For example, I knew an American friend who was a member of the U.S. Peace Corps. He was flabbergasted to be facing the threats of jail. His only “crime” was that he walked or did not stand at attention when the flag was being lowered. I reluctantly paid his fine. Not that he could not pay, but it was better to be on the safe side than being sent to jail or detained. My grade school teacher was clear that “one must be beyond 50 feet of the raising or lowering flag in order to walk and not be arrested.” The fines ranged anywhere from money to livestock and were often paid to militia men or members of the Armed Forces of Liberia on hand when the flag was being raised or lowered. No receipt.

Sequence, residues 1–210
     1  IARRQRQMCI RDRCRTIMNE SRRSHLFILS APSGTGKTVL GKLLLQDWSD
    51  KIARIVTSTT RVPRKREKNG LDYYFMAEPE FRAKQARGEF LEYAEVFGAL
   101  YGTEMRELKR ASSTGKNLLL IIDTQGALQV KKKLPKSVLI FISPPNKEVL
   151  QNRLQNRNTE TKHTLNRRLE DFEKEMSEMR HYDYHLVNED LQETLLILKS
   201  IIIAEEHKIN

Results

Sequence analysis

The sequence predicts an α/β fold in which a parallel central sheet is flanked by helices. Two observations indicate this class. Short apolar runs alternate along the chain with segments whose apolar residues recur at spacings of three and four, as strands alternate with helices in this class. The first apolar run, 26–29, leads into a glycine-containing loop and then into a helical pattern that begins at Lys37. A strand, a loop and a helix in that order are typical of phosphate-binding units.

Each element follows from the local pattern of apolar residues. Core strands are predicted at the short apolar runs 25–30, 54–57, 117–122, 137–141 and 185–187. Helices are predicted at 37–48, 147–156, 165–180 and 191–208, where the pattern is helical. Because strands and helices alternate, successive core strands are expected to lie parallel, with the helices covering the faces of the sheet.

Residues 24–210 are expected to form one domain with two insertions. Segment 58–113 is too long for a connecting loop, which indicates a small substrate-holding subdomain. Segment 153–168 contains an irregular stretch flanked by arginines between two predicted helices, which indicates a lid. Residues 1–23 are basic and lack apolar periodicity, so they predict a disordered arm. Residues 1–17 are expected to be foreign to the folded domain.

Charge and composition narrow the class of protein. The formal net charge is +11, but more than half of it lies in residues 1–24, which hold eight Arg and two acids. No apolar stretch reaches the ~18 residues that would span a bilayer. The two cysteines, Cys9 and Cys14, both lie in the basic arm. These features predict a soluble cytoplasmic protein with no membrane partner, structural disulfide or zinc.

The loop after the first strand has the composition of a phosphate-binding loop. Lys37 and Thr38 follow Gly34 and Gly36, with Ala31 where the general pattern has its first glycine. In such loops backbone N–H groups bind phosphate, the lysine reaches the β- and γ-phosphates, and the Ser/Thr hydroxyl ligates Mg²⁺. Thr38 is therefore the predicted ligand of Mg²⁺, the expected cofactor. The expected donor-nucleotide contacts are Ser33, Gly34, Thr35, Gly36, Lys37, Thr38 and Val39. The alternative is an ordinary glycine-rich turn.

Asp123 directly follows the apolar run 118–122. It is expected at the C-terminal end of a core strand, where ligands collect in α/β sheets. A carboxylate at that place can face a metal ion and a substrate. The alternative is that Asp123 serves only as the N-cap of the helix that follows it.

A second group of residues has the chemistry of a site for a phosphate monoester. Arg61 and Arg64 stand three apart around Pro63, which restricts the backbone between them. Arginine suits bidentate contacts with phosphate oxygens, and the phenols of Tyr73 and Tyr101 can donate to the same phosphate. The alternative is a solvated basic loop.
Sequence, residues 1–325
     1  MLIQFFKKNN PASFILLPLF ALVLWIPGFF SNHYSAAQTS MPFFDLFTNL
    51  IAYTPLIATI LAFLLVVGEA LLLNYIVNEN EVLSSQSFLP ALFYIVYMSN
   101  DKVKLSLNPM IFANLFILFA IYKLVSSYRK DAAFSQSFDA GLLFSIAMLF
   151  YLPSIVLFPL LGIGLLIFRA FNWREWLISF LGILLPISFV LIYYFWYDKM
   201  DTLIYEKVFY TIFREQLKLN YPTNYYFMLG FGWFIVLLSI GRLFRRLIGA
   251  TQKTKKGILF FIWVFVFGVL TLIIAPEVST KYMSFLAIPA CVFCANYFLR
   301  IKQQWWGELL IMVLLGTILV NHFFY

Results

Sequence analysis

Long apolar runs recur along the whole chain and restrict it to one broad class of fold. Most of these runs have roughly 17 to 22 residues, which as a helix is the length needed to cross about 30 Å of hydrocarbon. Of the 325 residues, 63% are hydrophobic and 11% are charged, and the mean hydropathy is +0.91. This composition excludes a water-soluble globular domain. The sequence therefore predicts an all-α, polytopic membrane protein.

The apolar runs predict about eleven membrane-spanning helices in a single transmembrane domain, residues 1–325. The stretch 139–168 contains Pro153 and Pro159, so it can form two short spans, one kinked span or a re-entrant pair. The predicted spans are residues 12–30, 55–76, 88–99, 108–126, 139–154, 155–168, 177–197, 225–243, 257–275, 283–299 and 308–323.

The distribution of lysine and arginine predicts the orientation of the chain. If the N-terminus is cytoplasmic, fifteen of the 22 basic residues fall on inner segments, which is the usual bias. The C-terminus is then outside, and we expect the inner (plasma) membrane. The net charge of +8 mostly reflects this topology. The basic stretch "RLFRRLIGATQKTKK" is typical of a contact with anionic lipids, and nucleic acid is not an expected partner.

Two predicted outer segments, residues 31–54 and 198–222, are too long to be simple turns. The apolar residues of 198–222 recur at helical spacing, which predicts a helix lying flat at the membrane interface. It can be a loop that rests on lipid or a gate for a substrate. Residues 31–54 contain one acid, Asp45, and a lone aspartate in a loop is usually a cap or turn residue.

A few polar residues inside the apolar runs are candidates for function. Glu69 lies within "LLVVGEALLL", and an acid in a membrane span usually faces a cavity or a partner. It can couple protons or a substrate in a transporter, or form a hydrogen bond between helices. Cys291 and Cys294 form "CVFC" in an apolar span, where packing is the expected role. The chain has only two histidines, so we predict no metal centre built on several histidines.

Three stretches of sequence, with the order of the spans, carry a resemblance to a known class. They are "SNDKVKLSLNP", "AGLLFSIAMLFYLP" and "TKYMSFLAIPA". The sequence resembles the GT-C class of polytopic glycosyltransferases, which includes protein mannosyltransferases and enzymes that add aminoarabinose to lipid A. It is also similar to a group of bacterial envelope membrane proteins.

When I was a school teacher, I was one of many native Liberians who were critical of the lack of representation of the indigenous people in the flag of Liberia and all its symbols. The voices of the people reached the political establishment in Monrovia, and during the William R. Tolbert administration, the government reluctantly agreed to appoint a flag review committee. Their aim was to come up with an alternative that would make the flag inclusive. One of the members on this flag review committee was a representative from my home county, Maryland (At that time Maryland County extended as far as today’s River Gee County.) Like in everything in Liberia, and although this group was composed of both native and Americo-Liberians, their assessment fell on deaf ears.